Former Vancouver Park Commissioner Sarah Blyth says she understands more than ever the need for the opiate-antidote Naxolone or Narcan after she saved a life by using the drug on someone in the Downtown Eastside.
Blyth works as a social housing coordinator and ran to help when she heard someone was dying on the street. She grabbed her Narcan kit, which she had recently been trained to use and rushed out the door to join the group of nurses and police officers also helping.
"I've been trained by a nurse, so I knew that it's my job to help people and also, when you hear someone's dying, you just run to help. I was able to use that skill I had learned."
"Intense and stressful"
Other healthcare workers were already giving the person lying on the ground oxygen when Blyth arrived on the scene. It looked like a case of overdose.
"I said, do you need help with the Narcan and they said yes. So I just did what I remembered to do and what I was trained to do," said Blyth.
"It was a real team effort. Obviously it was pretty intense and stressful."
Blyth says the drug is especially important today given the number of fentanyl-related deaths.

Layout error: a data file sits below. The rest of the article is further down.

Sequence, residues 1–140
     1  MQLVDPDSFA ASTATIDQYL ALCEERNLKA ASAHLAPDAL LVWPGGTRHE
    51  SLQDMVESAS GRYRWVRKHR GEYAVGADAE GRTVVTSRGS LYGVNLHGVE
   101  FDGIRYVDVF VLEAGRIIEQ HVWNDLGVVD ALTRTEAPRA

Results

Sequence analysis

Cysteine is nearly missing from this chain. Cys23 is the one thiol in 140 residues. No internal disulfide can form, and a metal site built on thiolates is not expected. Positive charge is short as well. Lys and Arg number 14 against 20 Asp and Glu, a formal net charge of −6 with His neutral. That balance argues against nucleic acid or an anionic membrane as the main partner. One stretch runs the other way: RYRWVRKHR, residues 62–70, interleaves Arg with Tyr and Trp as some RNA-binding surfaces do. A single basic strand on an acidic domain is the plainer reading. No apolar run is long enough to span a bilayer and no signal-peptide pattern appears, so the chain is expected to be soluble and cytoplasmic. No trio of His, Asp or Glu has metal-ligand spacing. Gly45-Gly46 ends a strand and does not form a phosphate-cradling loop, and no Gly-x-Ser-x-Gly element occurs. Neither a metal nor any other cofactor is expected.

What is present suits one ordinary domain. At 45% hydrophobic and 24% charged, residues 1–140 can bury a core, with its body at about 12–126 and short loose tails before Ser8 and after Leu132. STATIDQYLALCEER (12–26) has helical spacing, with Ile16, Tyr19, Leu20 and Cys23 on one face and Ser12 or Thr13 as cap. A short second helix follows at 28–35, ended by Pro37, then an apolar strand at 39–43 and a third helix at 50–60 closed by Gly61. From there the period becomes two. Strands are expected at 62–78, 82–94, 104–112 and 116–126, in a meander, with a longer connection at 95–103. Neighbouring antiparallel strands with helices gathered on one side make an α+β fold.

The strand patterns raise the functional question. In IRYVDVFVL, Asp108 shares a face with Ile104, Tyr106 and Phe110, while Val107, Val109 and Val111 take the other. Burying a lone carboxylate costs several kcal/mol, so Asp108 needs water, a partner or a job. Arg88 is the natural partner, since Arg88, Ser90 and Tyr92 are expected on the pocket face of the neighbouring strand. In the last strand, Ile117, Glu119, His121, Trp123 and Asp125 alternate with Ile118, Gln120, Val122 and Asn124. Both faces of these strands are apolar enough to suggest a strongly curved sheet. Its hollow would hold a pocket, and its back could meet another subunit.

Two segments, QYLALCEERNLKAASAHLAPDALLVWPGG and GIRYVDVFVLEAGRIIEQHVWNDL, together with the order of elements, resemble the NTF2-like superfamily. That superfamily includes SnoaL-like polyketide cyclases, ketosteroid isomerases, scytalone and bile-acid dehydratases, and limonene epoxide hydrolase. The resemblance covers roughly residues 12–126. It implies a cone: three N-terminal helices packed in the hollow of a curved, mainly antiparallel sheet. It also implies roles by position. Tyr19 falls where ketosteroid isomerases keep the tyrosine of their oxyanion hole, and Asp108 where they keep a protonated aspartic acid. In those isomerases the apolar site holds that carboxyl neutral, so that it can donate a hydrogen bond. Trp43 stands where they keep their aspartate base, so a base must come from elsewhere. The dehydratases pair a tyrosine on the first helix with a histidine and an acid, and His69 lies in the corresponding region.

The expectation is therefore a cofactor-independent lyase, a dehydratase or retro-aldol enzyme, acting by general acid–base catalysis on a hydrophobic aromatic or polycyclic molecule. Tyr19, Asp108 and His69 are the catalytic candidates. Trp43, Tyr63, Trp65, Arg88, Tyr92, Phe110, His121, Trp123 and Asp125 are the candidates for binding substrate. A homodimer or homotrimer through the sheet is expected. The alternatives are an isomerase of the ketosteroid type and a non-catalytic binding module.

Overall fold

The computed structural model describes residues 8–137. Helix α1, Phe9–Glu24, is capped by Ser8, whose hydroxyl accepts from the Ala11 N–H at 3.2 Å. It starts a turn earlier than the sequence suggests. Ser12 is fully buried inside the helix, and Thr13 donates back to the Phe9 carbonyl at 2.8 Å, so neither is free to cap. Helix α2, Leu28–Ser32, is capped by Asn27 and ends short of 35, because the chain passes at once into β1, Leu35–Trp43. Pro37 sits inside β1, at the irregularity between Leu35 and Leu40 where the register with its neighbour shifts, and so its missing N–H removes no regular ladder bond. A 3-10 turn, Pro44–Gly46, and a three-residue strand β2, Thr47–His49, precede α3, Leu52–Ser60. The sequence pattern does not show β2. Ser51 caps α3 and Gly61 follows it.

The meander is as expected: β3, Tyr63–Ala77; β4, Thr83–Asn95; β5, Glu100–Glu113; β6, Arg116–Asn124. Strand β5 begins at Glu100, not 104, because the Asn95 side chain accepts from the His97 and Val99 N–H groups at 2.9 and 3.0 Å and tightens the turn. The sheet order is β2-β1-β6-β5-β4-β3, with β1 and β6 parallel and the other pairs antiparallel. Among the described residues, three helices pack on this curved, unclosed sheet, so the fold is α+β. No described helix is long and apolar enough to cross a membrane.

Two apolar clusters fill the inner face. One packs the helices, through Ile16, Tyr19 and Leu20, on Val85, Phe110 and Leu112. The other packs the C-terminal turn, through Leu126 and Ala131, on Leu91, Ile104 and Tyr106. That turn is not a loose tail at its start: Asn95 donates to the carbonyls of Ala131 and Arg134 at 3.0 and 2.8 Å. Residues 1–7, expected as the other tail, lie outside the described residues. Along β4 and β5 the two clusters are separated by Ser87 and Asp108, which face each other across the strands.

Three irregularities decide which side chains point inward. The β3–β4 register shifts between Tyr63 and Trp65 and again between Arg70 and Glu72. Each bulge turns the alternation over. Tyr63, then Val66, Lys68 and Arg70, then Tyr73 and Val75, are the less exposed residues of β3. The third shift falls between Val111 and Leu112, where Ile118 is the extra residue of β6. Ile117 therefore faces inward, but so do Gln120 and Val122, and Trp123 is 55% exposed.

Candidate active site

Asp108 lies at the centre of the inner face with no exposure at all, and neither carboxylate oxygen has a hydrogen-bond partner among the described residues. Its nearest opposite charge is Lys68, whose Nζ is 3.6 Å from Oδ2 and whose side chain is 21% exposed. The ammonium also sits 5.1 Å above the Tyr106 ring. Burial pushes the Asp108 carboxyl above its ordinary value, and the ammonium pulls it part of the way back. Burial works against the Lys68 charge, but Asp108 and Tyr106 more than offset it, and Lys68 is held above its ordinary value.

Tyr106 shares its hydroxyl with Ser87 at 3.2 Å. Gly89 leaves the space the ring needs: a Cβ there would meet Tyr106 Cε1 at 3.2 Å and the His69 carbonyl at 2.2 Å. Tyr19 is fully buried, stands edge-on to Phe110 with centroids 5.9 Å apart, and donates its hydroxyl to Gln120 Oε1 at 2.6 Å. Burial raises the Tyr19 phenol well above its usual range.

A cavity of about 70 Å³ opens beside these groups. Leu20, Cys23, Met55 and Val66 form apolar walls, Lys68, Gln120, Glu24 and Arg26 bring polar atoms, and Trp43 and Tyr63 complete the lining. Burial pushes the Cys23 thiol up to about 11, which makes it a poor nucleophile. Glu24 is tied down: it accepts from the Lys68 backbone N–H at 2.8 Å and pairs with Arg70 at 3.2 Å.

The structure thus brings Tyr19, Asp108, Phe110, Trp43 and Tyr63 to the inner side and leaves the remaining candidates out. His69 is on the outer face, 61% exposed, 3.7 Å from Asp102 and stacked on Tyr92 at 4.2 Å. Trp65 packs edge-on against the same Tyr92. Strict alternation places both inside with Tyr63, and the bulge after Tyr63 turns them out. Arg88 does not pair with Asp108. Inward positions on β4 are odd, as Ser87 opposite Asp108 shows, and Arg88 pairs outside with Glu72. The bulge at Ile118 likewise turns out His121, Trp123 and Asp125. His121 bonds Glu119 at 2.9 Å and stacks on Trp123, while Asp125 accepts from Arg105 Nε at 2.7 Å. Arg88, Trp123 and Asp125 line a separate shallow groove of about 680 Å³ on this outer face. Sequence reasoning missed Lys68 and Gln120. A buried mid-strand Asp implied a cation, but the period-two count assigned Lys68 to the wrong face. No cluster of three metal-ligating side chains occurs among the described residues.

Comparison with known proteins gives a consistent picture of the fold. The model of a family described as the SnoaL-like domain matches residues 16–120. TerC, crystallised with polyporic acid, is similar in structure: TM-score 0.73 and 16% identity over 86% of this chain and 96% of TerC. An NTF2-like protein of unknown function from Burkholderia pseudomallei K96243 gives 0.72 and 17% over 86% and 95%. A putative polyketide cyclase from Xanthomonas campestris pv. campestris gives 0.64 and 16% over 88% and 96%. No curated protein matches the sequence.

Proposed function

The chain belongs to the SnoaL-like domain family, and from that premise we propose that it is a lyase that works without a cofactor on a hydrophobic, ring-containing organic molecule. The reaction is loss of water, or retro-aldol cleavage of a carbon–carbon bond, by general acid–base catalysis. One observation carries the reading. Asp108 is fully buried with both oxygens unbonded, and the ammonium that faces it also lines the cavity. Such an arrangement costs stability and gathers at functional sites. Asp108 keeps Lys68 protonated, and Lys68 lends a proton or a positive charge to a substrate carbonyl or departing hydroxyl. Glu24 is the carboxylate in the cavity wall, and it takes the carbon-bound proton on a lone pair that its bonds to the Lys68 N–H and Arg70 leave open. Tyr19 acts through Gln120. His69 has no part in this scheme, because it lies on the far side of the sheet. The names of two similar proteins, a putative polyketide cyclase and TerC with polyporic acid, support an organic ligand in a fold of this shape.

"I think all first responders should have access to it at this point."
Naloxone works by counteracting opioid depression of the central nervous system which, in an overdose situation, can slow or stop a person's breathing.
Take-home kits of the opioid-antidote Naloxone, or Narcan, are available in B.C. by prescription. Healthcare workers and others in the Downtown Eastside, like Blyth, are being trained to administer the drug.
Narcan is currently administered by injection in Canada but Blyth says it's time to look at using a nasal spray version instead, a product the FDA approved in November 2015.
To listen to the full audio, click the link labelled: Former Vancouver Park Board Commissioner Sarah Blyth on saving a life using Narcan.